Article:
Emperor Suizei

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Suizei
Emperor of Japan
Reign legendary
Born legendary
Died legendary
Buried Tsukida no oka no e no misasagi (Nara)
Predecessor Jimmu
Successor Annei

Emperor Suizei (綏靖天皇 Suizei-tennō?) was the 2nd emperor of Japan,[1] according to the traditional order of succession.[2] Historians consider Emperor Suizei to be a legendary person,[3] and the name Suizei-tennō was created for him after his death by later generations.

No certain dates can be assigned to this emperor's life or reign.[4] The conventionally accepted names and sequence of the early emperors were not to be confirmed as "traditional" until the reign of Emperor Kammu, who was the 50th monarch of the Yamato dynasty.[5]

The Gukanshō records that Suizei ruled from the palace of Takaoka-no-miya at Katsuragi in what will come to be known as Yamato province.[6]

Traditional history[change | edit source]

Suizei is almost certainly a legend. The Kojiki records only his name and genealogy. The Nihonshoki includes Suizei as the earliest or first of "eight undocumented monarchs" (欠史八代, Kesshi-hachidai?).[7]

The Gukanshō records that Suizei was one of the sons of Emperor Jimmu.[6]

During reign of Emperor Suizei, the capital of Japan was at Kazuraki, Yamato.[8]

Events of Suizei's life[change | edit source]

The Kojiki includes a story about how Suizei attained the throne. His older brother supported Suizei because of his courage.[9].

The absence of information about Suizei does not imply that no such person ever existed. Very little information is available for study prior to the reign of the 29th monarch, Emperor Kimmei (509?-571).[10]

After his death[change | edit source]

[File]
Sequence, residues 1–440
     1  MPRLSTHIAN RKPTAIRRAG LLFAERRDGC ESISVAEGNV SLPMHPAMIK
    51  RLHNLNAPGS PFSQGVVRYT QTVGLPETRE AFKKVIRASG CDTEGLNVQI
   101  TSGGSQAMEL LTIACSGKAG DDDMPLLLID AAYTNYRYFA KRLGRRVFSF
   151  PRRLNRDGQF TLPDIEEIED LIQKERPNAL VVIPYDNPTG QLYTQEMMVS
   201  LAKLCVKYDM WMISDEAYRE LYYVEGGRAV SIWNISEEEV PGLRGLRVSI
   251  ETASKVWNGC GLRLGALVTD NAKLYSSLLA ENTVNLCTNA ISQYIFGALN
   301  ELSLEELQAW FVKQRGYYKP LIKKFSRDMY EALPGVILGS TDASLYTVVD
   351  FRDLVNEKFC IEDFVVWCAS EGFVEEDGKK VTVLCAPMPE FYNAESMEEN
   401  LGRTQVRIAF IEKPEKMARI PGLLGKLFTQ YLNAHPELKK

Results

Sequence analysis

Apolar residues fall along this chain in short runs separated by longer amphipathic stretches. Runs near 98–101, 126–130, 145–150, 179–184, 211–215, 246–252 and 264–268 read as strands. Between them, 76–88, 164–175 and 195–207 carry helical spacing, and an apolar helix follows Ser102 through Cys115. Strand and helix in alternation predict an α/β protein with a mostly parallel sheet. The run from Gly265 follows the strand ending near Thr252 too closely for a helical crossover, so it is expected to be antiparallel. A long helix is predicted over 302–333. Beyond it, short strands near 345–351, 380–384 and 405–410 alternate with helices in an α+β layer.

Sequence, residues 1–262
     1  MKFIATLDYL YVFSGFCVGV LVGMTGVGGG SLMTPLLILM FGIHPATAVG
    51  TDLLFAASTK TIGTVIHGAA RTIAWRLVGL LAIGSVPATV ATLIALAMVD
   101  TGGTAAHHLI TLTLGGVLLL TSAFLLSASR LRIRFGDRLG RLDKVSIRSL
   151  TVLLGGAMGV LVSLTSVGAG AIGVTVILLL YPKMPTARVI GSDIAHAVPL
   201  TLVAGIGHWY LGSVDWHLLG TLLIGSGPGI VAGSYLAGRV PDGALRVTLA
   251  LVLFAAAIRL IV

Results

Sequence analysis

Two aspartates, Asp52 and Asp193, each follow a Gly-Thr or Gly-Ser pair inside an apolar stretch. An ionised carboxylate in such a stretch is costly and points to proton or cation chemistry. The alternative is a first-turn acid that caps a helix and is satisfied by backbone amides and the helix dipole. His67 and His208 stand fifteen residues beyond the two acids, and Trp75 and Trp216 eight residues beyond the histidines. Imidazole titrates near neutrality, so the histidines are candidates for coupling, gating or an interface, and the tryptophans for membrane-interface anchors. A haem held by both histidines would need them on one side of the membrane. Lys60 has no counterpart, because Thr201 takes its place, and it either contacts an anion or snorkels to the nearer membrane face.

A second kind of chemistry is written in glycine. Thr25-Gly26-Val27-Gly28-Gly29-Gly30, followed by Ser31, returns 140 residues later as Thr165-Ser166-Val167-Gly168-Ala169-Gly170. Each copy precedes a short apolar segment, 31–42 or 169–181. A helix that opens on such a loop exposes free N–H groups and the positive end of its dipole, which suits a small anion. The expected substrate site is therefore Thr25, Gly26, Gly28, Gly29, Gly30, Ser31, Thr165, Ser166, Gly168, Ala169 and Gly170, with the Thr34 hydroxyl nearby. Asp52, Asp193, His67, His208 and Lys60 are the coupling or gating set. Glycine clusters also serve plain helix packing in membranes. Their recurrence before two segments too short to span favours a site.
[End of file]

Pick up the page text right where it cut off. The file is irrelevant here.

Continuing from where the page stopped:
This emperor's official name after his death (his posthumous name) was regularized many centuries after the lifetime which was ascribed to Suizei.[7]

The actual site of his grave is not known. According to the Imperial Household Agency, this emperor is venerated at a memorial Shinto shrine (misasagi) at Nara.[1]

Related pages[change | edit source]

References[change | edit source]

The chrysanthemum symbol of the Japanese emperor and his family.
  1. 1.0 1.1 Imperial Household Agency (Kunaichō), 綏靖天皇 (2); retrieved 2011-10-19.
  2. Titsingh, Isaac. (1834). Annales des empereurs du japon, pp. 3-4; Brown, Delmer. (1979). Gukanshō, pp. 250-251; Varley, H. Paul. (1980). Jinnō Shōtōki, pp. 88-89; Nussbaum, Louis-Frédéric et al. (2002). "Traditional order of Tennō" in Japan encyclopedia, pp. 962-963.
  3. Kelly, Charles F. "Kofun Culture," Japanese Archaeology. April 27, 2009; retrieved 2011-10-19.
  4. Ponsonby-Fane, Richard. (1959). The Imperial House of Japan, p. 29.
  5. Aston, William George. (1896). Nihongi, pp. 109.
  6. 6.0 6.1 Brown, p. 250.
  7. 7.0 7.1 Aston, pp. 138-141.
  8. Ponsonby-Fane, Richard. (1915). The Imperial Family of Japan, p. 2.
  9. Chamberlain, Basil Hall. (1919). The Kojiki, p. 184.
  10. Titsingh, pp. 34-36; Brown, pp. 261-262; Varley, pp. 123-124.


Preceded by
Emperor Jimmu
Legendary Emperor of Japan
Suizei

581-549 BC
(traditional dates)
Succeeded by
Emperor Annei